One of the drawbacks of running VPN on a router is performance. It is especially profound when you run OpenVPN a budget router like the pcWRT TORONTO-N. In hopes of getting more reasonable VPN performance out of commodity router hardware, we added support for strongSwan (IPsec) and WireGuard®* to the pcWRT firmware.
In this post we are going to show you some actual data.
The TORONTO-N has a single core MT7620N CPU running at 600 MHz, with 64MB RAM. This puts it roughly in the same class as the ASUS RT-N14U and the Buffalo WHR300.
The main goal of these tests is to find out the upper limit of network performance brought on by the limited CPU power on the router. We are mainly interested in the maximum achievable network speed.
As is usually done, we use speedtest.net to measure network speed. Measurements were first done with the VPN running on a laptop, then with the VPN running on the router. By comparing the two sets of numbers side-by-side, you can get a better understanding of any performance degradation due to the limited power of router hardware.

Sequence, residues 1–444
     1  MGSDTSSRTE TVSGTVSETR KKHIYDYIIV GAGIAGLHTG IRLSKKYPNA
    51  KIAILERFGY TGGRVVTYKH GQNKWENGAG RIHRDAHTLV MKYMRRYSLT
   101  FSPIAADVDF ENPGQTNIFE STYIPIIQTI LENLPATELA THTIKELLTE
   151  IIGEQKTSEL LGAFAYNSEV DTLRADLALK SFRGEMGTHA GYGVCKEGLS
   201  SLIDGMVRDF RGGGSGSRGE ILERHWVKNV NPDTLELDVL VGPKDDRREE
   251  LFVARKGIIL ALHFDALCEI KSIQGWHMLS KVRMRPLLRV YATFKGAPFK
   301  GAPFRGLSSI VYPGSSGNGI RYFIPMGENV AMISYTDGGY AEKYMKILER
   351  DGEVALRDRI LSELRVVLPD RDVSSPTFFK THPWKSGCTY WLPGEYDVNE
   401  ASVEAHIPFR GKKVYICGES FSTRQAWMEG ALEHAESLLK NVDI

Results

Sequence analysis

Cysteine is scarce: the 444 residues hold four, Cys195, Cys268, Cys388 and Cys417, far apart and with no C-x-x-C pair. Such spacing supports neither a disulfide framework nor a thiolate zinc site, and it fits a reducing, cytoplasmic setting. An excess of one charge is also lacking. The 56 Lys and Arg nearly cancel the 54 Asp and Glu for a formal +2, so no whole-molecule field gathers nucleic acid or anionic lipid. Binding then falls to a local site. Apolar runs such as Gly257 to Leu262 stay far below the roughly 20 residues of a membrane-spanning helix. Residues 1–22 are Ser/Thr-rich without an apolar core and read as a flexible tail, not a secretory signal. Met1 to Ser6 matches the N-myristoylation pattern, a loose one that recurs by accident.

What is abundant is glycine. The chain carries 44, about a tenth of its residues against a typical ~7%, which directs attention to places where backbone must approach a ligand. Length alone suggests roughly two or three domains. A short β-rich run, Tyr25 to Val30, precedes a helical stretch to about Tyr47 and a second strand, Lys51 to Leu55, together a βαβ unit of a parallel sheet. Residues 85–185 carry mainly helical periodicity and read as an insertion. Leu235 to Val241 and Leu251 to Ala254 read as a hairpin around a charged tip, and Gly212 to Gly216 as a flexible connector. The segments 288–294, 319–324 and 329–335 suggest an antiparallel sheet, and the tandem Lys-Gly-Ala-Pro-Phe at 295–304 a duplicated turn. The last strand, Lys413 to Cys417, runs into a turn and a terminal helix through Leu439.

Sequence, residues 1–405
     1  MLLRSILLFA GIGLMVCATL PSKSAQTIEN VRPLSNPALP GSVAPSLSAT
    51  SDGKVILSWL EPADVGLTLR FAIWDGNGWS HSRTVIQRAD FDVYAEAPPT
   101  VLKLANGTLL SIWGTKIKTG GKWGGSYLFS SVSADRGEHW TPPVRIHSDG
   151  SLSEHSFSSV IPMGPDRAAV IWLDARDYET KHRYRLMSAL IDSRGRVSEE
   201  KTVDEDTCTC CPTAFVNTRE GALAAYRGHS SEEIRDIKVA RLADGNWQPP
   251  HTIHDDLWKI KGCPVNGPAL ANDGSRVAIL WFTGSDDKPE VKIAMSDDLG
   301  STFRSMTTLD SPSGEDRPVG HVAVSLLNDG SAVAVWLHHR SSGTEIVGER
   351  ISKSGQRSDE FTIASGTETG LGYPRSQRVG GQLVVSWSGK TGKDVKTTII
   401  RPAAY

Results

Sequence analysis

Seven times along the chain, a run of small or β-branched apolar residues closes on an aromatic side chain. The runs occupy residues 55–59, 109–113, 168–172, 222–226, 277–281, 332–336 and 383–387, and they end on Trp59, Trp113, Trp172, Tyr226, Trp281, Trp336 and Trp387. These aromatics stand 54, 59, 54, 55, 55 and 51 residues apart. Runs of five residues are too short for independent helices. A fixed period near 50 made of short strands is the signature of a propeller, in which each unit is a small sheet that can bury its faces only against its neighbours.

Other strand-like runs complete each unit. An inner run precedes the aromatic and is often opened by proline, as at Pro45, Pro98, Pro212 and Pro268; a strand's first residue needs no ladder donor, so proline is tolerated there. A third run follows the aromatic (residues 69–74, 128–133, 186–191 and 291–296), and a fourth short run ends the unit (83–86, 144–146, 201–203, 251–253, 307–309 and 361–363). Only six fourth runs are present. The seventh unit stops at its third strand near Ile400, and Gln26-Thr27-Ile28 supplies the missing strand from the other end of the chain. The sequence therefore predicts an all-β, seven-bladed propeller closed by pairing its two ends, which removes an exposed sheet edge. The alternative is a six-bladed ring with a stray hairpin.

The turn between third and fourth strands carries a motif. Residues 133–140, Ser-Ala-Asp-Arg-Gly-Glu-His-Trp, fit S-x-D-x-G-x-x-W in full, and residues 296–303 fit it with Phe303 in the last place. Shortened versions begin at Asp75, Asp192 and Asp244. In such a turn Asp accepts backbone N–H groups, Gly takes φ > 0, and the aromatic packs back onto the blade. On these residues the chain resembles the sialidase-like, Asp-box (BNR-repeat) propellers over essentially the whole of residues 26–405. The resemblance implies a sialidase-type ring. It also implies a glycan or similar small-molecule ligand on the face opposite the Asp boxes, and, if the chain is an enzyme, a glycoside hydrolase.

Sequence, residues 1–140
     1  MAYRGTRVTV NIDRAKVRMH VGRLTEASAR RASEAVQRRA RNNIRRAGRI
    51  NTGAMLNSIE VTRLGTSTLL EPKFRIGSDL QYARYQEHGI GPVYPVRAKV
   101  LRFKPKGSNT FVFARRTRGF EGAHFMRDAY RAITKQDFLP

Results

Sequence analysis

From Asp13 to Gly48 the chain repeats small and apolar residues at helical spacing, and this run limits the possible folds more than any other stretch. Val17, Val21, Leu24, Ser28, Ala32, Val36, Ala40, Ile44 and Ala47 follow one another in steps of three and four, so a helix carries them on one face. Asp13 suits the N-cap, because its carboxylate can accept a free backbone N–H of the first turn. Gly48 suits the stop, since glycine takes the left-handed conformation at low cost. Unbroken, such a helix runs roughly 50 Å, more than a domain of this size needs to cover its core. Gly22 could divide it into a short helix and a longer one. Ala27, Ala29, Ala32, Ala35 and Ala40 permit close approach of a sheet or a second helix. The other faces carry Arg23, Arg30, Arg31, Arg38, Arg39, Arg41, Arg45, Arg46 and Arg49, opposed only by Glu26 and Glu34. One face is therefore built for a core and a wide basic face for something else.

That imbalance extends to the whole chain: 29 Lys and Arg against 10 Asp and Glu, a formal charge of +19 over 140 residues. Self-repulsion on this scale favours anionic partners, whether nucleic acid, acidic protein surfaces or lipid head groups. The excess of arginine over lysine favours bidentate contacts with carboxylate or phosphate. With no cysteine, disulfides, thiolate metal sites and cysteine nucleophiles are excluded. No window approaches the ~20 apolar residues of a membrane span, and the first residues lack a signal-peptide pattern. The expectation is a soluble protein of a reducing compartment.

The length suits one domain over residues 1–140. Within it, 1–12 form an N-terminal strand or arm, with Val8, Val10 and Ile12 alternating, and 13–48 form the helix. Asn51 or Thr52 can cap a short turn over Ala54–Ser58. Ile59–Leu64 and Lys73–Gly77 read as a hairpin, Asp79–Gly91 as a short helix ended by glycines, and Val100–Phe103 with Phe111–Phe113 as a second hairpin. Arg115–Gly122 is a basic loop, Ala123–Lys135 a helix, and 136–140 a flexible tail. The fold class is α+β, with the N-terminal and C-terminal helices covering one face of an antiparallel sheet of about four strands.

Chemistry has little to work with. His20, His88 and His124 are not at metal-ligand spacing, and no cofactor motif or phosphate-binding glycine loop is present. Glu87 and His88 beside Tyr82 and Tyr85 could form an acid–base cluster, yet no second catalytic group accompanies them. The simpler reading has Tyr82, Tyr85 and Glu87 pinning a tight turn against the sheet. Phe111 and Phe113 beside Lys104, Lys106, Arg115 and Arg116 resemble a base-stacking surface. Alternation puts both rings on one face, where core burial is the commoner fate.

We ran the VPN servers for each protocol on a Virtual Private Server (VPS) under our control, to make sure that we can utilize the full network bandwidth available for each test.
We set up two VLANs on the router, with VLAN #1 going directly through the ISP connection, and VLAN #2 through the VPN connection on the router. The VPN client on the testing laptop is turned on when it is connected to VLAN #1. And turned off when it is connected to VLAN #2.
Without VPN, our Internet uplink is about 100Mbps.
As can be seen from the graph above:
* “WireGuard” is a registered trademark of Jason A. Donenfeld.